The Wake County School Board voted to suspend in-person classes when school returns from winter break next year.
The unanimous vote from the board will shift the first two weeks from in-person instruction to remote learning from January 4 to January 15.
Classes are currently being held in-person at schools countywide. Recent weeks have seen a spike in cases of the virus, leaving many concerned for the safety of students and staff returning to schools. Others worry about the negative effects postponing in-person learning could have on students and their families.
Superintendent Cathy Moore asked the board to approve the two-week remote learning period, citing staffing concerns. Following the Thanksgiving holiday, schools have seen an increase in teacher absences, and fewer substitutes available to fill in for them, she said.
“There is a lot of concern, given that this increase has occurred after a holiday break, that we will see the same thing happen [in January],” Moore said.
Board member Roxie Cash worried schools would not return in full after the proposed two-week remote learning period.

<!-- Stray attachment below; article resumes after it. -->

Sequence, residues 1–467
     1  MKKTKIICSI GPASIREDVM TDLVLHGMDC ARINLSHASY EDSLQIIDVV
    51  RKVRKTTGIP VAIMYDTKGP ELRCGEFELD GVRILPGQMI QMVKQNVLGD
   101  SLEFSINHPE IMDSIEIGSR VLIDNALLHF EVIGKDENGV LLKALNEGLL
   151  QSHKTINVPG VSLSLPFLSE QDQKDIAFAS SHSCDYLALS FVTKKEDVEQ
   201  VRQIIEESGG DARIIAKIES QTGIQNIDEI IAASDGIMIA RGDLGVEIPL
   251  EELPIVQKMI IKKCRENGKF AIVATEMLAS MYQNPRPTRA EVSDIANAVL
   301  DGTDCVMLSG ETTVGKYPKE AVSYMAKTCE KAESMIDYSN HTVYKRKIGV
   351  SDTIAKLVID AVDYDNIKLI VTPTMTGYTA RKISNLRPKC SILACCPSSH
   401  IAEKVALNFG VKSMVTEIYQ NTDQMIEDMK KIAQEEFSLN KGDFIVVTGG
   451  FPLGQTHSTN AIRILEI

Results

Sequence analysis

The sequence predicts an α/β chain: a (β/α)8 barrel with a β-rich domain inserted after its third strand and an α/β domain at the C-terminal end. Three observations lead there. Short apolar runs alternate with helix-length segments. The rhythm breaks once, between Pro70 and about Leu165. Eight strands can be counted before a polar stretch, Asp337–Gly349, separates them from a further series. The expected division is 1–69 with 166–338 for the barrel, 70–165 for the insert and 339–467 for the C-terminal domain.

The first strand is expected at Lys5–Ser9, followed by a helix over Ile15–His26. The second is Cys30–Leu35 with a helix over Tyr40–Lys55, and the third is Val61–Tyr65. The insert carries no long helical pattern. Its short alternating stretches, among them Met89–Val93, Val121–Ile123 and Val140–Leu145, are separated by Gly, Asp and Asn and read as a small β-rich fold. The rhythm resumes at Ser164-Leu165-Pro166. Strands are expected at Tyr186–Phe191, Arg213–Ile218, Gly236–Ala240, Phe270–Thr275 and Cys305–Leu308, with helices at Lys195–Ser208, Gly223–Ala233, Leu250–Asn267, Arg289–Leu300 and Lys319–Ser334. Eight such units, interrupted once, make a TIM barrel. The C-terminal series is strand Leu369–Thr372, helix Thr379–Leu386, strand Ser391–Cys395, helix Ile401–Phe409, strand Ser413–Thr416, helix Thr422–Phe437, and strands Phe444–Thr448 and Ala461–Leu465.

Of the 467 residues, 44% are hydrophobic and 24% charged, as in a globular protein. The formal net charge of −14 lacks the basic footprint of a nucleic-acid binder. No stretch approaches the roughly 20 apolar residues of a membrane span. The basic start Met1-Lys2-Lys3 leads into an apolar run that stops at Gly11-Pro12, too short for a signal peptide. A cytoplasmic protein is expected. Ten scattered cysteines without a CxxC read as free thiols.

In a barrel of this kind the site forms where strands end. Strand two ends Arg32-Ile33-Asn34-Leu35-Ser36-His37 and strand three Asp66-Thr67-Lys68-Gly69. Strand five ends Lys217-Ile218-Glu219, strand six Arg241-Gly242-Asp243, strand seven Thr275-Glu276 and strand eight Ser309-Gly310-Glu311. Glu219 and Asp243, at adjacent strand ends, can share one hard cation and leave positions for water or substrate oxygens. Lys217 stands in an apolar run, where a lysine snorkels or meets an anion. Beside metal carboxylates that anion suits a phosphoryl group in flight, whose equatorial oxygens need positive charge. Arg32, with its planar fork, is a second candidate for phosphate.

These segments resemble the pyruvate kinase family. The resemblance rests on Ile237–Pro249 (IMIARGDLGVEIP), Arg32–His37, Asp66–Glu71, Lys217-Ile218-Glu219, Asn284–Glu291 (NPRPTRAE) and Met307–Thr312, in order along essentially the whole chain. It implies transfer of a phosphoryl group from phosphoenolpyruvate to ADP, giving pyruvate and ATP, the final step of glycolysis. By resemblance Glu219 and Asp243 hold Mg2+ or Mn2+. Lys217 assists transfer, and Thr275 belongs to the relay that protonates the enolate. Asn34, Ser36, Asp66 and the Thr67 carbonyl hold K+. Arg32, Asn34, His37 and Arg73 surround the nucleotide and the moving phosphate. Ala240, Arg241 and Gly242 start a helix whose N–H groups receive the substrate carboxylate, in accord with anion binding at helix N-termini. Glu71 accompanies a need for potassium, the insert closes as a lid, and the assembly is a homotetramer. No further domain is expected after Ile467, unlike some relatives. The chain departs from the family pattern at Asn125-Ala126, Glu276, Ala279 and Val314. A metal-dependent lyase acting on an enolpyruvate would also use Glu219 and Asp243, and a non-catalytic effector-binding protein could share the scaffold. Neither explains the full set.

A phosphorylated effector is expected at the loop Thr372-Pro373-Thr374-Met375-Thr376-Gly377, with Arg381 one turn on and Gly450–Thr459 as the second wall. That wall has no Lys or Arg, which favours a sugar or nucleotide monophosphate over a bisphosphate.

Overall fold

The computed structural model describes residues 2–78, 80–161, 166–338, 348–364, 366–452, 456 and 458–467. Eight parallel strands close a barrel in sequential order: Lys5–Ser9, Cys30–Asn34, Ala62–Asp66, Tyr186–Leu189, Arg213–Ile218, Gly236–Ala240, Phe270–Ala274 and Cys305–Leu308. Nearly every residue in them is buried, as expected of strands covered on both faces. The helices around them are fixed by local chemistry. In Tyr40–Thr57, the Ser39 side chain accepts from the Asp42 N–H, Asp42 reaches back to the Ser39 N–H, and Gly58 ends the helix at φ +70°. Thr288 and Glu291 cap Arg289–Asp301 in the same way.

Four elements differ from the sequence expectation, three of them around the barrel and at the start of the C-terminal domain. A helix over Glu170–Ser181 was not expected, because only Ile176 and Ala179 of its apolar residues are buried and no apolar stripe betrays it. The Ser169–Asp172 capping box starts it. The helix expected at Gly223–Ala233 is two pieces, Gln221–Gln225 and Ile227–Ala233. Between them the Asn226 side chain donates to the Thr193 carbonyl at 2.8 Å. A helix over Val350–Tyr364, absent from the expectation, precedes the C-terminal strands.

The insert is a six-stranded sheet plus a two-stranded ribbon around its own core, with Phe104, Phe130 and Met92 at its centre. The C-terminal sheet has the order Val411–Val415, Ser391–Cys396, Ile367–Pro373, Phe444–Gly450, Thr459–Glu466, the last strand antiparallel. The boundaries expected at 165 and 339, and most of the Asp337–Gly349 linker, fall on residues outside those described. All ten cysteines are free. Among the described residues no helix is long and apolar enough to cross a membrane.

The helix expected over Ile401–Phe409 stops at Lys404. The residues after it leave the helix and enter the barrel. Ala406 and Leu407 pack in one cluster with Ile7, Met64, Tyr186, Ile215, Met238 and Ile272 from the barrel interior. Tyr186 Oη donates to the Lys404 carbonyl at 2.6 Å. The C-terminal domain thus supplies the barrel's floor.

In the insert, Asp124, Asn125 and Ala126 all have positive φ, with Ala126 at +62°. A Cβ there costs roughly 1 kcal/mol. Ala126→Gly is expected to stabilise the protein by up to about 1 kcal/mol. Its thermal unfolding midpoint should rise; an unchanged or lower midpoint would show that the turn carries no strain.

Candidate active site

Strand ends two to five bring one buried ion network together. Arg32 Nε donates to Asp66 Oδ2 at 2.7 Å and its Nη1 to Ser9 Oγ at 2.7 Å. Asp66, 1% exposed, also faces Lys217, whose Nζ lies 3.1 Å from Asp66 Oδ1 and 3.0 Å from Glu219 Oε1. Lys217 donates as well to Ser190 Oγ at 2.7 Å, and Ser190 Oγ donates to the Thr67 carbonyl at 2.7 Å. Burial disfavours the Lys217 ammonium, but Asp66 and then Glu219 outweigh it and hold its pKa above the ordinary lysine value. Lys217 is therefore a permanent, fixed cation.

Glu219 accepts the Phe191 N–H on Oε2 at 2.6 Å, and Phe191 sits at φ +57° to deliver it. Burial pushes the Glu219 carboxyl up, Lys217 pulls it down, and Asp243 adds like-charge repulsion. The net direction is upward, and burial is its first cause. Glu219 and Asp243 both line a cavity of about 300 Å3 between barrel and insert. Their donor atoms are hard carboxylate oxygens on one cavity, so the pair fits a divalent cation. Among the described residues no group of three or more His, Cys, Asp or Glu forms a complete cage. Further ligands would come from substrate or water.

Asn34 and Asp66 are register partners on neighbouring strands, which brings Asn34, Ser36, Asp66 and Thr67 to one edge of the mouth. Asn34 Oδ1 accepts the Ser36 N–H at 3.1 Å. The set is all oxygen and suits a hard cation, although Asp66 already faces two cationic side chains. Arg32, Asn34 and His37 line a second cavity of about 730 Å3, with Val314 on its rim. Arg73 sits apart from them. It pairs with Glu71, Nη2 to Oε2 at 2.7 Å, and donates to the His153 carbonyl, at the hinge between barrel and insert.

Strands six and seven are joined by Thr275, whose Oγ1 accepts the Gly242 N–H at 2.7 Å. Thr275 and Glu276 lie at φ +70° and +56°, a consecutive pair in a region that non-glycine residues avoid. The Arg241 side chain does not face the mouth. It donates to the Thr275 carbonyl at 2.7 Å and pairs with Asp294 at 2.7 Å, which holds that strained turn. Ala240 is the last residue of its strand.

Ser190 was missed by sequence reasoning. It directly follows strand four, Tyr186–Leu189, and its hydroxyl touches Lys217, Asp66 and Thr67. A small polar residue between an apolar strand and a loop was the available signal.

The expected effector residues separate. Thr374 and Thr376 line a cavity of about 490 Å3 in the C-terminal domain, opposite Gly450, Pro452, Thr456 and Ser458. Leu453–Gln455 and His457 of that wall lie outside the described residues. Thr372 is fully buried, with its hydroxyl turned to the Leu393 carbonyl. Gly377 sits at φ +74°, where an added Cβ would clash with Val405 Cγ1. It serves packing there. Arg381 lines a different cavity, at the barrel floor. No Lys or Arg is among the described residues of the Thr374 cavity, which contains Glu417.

“This is a hard vote for me,” Cash said. “The hardest thing for me to support this is something that I’m very concerned about that I think we, again, are treating all our schools the same way.”
“Our plans for the second semester are still intact,” Board Chair Keith Sutton responded. “I don’t think this two-week pause has any impact on our plans to move forward with our second semester plans.”
As of Tuesday, the state has reported more than 446,000 cases of the virus and nearly 5,900 deaths. The positivity rate for those tested has doubled in the last few weeks, reaching nearly 11 percent.
Governor Roy Cooper issued a modified stay-at-home session last week, mandating that folks remain home between 10 p.m. and 5 a.m.. Most businesses must now close with the curfew and on-site alcohol sales are cut off at 9 p.m.
Board member Karen Carter was torn on her vote. While taking safety concerns seriously, she also said the board needs to reevaluate “what safety now means,” according to state guidelines.
“The reality is: staff in our schools are now frontline workers. That is the new reality. That’s it,” Carter said. “So, if you are waiting for the day when it is going to be the ‘normal’ amount of safe to go back into the school, we can’t predict when that date will be.”
Sutton replied that he didn’t want to “feed a false narrative” that the decision was grounded in health and public safety, but in the system’s ability to maintain staffing levels necessary to operate the schools.
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